Anne Robinson, Karen Saxby
Water has been an important topic in architecture and urban planning for years. The revitalization of the waterfront has been a prevalent trend in cities around the world. On the other hand, architecture also had to respond to the threat of floods.
The theme of Building with Water is the use of water in architecture. It presents buildings that explicitly refer to water in their design and form. It establishes a typology of building by the water: residential structures, recreation facilities, industry and infrastructure, buildings for culture and art.
The various design parameters are explored in four essays. Subsequently, twenty-two international projects are presented, organized according to their locations by a river, a lake or the sea.
The authors concern is not to show luxurious buildings in privileged locations but rather presenting projects that seriously grapple with the main criterion of the location namely, water in an ecologically sustainable way and respond to it with their design.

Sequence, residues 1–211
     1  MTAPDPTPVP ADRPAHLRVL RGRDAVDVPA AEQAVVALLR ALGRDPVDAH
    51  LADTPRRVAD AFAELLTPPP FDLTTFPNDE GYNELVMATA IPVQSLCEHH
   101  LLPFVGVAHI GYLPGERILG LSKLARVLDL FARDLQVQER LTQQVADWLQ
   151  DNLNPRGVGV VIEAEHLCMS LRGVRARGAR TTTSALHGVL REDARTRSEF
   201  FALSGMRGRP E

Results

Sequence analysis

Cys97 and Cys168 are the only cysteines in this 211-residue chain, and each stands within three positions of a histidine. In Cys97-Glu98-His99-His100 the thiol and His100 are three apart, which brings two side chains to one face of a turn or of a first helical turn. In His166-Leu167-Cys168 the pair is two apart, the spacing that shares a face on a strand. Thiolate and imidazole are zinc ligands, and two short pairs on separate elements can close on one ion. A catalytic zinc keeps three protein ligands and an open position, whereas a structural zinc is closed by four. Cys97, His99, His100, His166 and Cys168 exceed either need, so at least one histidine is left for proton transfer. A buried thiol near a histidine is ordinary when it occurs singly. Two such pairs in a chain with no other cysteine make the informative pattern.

Zoë Ryan studied art history at the University of Sussex, the University of Amsterdam and Hunter College, City University of New York. She is the Neville Bryan Curator of Design at The Art Institute of Chicago where she is responsible for organizing exhibitions and building the museum’s first collection of contemporary design.
Ryan was a curatorial assistant at the Museum of Modern Art, New York and at The Victoria & Albert Museum, London, and subsequently became Senior Curator at the Van Alen Institute (VAI) in New York, a non-profit public art and architecture organization where she organized the exhibition "The Good Life: New Public Spaces of Recreation," installed on Pier 40 in New York City. Her writing on art and design has been published in The Architect’s Newspaper, Blueprint, Contemporary, Monument, and Log.